Bible translators in West Africa lose home, but not faith, in fire
Seven-year-old William Fariss said the words as he and his family watched their home burn to the ground.
The Farisses, who live in the West African nation of Guinea, lost most of their possessions in the fire, but not their faith.
“Who can stand on Mount Everest? Who can face a rhinoceros? The Lord,” the 7-year-old said in a 44-line psalm of praise, which also contained multiple references to dinosaurs.
His parents, Yancy and Sherry Fariss, work with Pioneer Bible Translators. The Dallas-based ministry translates Scripture into lesser-known languages around the world.
The Farisses, supported by the Minter Lane church in Abilene, Texas, are working with a language group in Guinea that “has no written alphabet, not a word of Scripture, and is entirely unreached with the gospel of Jesus Christ,” said Marsha Miles, director of mobilization and development for Pioneer Bible Translators.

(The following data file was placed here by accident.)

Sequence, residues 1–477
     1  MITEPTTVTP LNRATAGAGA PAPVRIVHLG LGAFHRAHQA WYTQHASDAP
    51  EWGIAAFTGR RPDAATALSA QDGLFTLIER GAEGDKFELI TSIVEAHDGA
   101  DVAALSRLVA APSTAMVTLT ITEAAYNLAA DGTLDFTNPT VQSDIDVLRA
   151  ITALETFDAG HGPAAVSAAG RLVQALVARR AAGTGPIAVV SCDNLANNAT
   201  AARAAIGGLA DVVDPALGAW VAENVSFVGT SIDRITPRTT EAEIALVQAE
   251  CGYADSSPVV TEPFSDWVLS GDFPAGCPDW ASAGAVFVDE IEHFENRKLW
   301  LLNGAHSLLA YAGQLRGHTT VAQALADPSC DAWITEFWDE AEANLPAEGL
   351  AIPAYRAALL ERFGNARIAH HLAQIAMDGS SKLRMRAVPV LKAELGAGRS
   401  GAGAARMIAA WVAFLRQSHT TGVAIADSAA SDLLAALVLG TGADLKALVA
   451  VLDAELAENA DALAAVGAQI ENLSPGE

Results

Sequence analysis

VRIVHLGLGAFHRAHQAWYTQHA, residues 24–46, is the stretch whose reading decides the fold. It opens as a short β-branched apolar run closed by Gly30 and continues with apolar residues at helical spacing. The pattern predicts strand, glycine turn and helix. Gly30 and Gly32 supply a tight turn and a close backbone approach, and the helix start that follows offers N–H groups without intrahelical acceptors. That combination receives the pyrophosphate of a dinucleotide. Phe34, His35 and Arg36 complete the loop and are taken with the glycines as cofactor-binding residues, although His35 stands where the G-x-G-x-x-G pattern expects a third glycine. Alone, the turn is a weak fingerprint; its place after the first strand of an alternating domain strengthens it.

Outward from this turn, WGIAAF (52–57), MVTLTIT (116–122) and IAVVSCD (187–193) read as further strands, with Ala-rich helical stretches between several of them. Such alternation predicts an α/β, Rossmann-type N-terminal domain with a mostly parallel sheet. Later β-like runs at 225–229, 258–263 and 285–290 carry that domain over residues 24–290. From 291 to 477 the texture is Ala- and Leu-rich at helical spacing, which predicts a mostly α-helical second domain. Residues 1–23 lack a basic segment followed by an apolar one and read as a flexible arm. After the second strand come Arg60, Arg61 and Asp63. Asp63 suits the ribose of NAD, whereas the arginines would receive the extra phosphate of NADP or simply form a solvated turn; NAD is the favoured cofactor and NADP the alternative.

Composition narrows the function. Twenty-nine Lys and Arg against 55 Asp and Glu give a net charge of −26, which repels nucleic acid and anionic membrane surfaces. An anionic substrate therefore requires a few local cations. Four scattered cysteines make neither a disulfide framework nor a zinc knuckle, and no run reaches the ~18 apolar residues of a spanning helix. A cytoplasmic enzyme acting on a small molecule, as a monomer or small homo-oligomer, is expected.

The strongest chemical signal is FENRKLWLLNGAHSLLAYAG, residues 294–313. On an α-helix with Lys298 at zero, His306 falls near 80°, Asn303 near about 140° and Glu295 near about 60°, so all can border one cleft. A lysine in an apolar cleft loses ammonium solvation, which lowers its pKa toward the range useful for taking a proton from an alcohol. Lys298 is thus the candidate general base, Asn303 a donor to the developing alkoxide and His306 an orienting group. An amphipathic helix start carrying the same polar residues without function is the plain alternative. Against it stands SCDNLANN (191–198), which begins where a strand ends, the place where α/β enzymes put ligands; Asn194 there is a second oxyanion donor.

Yancy Fariss and Debra, the couple’s 7-month-old daughter, suffered minor injuries as they fled the flames started by an ember from a trash fire. Sherry and the couple’s other children, William, Sarah and Rex, were not injured. The family’s car, computer and language data were spared.
Neighbors reached out to the family.
“Many cried for them, and some even wailed and threw dirt in the air to show their pain,” Miles said.
The translation ministry is collecting funds to help the Farisses replace what they lost. In a message to supporters, Sherry Fariss said her family was overwhelmed with support — from the people of Guinea and Christians around the world.
“We know God is taking care of us,” she said.
CONTRIBUTIONS FOR THE FARISSES may be sent to Pioneer Bible Translators, c/o Francille Vesel, 910 Harrison Street, Abilene, TX 79601. To donate online, click on the Fariss Ministry Relief icon at pioneerbible.org.